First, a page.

Tackle Trouble. We talked earlier about the first half being a punt-fest. That was in no small part because Nebraska’s offensive tackles were routinely being eaten alive by the outside pass rush of the defense. Garrett Nelson, in particular, looked like a man amongst boys with the way he was able to terrorize the green-shirted quarterbacks.
And yes, that could have been a “Good” about the game. But coming into the Spring Game, Nebraska’s offensive line was a huge question mark. Nothing about this practice – and, again, it’s just one practice – gives any reason to doubt that conclusion.
Oh God Not Special Teams Again. Stop me if you’ve heard this one. A 14-yard punt. A missed 40-yard field goal. An extra point shanked so badly it almost missed the net.
A smart and particularly handsome analyst observed that with even a league average special teams unit, Nebraska would likely have been bowl-bound in each of Scott Frost’s non-pandemic-shortened seasons. Nebraska hired a special teams coach whose only job is to make the unit better. Specialists at punter and kicker were transfer portaled in to improve the talent.
And still. And still. Yes, it’s just one practice. But Judas Priest, some of those things just should never happen, practice or not.
AND THE GREAT UNCERTAINTY
I have been uncomfortably disconnected from Nebraska football this offseason. Yes, some of that is just life interfering, but some of it really is just feeling the effects of the soul-destroying way Nebraska’s 2021 campaign unfolded.
Coming back to Memorial Stadium on Saturday – which, I can confidently say, is still my favorite place on earth – was salve to some of those old wounds. I may or may not have teared up as the band played “There Is No Place Like Nebraska” – I had sunglasses on, you can’t tell.
But then the offensive struggles of the first half made me flash back to the reflexive pessimism that had developed as a coping mechanism. The 14-yard punt and the shanked extra point gave rise to bitter black humor that has become an emotional defense strategy.
And to top it all off, it’s impossible to avoid the feeling that Frost’s tenure in Lincoln rides on this year being successful – and if it is not, then the wandering in the desert looks to continue even longer.
My wife, who came with me even being an Iowa fan, observed how much more pleasant the Spring Game crowd was because it lacked the nervous tension of a game day environment. She was right, and it really got me thinking.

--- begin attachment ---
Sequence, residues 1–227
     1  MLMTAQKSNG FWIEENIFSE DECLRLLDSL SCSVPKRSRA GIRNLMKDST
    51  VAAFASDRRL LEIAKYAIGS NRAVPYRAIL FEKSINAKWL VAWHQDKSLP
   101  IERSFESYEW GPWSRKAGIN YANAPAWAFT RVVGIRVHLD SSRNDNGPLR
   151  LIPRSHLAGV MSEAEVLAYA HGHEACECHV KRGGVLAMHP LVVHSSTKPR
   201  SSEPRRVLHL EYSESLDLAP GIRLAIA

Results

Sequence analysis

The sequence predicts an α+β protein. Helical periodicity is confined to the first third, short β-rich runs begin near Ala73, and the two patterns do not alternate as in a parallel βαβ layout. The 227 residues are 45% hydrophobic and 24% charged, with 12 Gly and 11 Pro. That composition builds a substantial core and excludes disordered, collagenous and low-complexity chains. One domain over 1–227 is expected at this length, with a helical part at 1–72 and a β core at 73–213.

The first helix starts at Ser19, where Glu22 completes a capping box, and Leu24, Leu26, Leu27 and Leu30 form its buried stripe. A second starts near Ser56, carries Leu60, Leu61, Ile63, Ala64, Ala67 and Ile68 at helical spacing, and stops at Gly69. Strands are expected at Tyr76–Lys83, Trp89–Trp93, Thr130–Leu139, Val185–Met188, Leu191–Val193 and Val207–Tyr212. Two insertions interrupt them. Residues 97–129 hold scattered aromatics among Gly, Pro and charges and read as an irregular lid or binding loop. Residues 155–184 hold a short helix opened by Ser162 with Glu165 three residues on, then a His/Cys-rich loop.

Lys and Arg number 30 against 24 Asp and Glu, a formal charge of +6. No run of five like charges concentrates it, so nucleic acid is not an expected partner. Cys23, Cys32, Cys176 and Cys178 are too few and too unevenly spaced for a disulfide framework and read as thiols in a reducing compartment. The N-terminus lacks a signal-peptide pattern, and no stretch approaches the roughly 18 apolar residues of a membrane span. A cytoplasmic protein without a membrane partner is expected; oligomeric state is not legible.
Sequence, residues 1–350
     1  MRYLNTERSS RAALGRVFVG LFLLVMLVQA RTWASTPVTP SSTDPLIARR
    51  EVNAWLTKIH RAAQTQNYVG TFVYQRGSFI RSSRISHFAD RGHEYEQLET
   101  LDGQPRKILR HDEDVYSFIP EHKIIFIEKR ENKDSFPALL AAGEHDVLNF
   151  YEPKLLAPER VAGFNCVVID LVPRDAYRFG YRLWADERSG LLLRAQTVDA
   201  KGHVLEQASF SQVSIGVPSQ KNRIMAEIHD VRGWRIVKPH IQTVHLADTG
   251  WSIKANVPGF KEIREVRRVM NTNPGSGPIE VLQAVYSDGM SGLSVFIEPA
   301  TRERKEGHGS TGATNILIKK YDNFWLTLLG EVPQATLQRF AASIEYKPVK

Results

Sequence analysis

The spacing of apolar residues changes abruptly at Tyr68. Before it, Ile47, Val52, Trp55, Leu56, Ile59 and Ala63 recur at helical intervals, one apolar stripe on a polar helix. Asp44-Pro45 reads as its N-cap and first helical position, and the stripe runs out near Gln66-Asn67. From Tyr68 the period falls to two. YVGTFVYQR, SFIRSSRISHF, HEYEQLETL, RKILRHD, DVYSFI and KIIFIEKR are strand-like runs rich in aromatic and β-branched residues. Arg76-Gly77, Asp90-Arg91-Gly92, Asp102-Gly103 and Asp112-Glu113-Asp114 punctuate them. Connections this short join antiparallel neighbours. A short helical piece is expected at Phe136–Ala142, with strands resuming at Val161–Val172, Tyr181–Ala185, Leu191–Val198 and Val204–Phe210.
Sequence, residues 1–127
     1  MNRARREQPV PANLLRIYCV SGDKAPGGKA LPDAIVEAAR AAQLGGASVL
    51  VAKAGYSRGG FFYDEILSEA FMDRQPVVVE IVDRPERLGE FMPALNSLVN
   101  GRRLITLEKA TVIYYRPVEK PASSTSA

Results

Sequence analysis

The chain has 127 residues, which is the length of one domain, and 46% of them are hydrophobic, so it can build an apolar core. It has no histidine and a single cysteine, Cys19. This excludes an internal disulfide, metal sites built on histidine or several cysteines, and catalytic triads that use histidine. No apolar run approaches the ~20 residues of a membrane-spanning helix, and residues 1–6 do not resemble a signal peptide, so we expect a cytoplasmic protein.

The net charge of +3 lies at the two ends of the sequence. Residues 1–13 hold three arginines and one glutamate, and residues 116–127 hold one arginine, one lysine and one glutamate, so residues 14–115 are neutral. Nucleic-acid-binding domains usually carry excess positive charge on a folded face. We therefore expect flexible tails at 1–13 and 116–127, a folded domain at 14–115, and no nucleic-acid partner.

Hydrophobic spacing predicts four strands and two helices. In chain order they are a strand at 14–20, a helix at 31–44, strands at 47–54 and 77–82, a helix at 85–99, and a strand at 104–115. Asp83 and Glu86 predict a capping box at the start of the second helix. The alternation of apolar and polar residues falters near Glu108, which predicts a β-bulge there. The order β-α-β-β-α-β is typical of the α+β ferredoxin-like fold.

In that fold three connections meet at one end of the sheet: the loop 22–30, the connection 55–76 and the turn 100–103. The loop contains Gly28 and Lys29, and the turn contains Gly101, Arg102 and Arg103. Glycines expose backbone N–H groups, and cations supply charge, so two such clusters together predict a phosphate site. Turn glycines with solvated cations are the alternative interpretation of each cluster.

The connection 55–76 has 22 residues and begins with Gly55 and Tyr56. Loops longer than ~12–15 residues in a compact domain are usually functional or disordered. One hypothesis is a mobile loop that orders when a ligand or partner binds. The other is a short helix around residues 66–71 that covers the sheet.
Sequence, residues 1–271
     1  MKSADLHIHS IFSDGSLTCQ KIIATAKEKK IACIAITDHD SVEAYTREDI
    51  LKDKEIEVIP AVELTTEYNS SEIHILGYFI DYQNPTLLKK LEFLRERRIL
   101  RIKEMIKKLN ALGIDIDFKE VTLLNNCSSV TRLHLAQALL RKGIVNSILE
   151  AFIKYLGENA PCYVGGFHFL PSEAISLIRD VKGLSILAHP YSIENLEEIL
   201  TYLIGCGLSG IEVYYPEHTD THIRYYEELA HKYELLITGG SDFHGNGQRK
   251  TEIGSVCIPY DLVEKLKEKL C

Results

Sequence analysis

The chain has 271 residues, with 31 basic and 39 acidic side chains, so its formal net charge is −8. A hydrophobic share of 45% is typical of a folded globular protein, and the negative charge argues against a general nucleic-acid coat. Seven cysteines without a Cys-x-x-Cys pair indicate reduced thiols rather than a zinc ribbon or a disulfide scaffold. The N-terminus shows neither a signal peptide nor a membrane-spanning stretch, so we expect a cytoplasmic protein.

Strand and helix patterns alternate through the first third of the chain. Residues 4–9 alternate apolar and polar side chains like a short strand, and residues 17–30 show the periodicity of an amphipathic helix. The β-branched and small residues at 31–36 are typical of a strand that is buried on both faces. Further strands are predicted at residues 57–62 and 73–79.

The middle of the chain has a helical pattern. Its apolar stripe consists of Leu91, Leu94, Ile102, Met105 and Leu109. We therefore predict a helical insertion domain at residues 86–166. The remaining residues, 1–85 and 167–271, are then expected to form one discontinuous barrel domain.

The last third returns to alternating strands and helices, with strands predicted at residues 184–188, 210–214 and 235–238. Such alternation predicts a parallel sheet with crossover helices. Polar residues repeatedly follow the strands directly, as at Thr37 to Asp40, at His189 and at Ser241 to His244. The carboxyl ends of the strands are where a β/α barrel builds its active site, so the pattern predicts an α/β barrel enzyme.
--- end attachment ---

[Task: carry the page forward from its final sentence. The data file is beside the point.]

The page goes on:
It’s not nervous tension she feels, I think. It’s just fear. That’s where Nebraska’s fanbase is in 2022. It’s where it will be in September when North Dakota comes to town. And heaven help us if Nebraska drops the week zero game against Northwestern in Ireland.
It’s a strange place to be. But at least for one glorious spring afternoon, it was good to be home.
So, the Double Extra Point has been on a bit of a hiatus, not posting since November 04.
It’s been … an eventful few months, with the turnover of the entire offensive coaching staff, the departure of the entire leadership cadre of players including talismanic quarterback Adrian Martinez, the remake of the roster through the transfer portal and *gasp* the hiring of a special teams coordinator.
Now we are back at that annual rite of passage, the beginning of spring practice. But in a year unlike any other, expect a spring practice unlike any other. Here’s five things to be watching for.
WHO IS GOING TO PLAY QUARTERBACK?
Martinez will be leading the Kansas State Wildcat offense in 2022, which will be a strange enough sight. But Nebraska’s quarterback room is quite full. Nebraska signed two transfer portal quarterbacks in Casey Thompson and Chubba Purdy. Nebraska also signed a scholarship high school quarterback in Richard Torres. And Logan Smothers and Heinrich Haarberg are still on the roster and will be fighting for playing time.
For the first time in quite some time – and certainly the first time in Scott Frost’s history at Nebraska – we will be seeing a legitimate quarterback battle.
WHO ARE THESE PEOPLE ON THE DEFENSIVE LINE?
Of all the departures from the 2021 squad, it’s possible defensive tackle Damion Daniels’ loss will be the most keenly felt. Particularly in the B1G, being able to have a strong presence in the middle of the defensive front to stand up against the run is of paramount importance.
Sophomore Nash Hutmacher will like be called upon first to fill Daniels’ role. Hutmacher saw limited playing time last year, but he (and the players behind him) will have a lot to prove.
WHO ARE THE OFFENSIVE SKILL PLAYERS?
Like with quarterback, the transfer portal saw a remaking of Nebraska’s receiving corps. Nebraska added Trey Purdy, an electric playmaker and return specialist, and Isaiah Garcia-Castenada to a group likely led by Omar Manning and Oliver Martin.
But perhaps the biggest addition to Nebraska’s pass-catchers will be the star of last year’s recruiting class, tight end Thomas Fidone. The five-star recruit from Iowa was sidelined last year after an injury in spring practice, but looks ready to contribute in 2022.
WHAT WILL THE OFFENSE LOOK LIKE?
Of all the new arrivals on Nebraska’s coaching staff, new offensive coordinator Mark Whipple might be the most intriguing. Frost arrived at Nebraska with a reputation for innovative, high-scoring offensive prowess. But after four years, his offenses have not exactly lived up to that billing.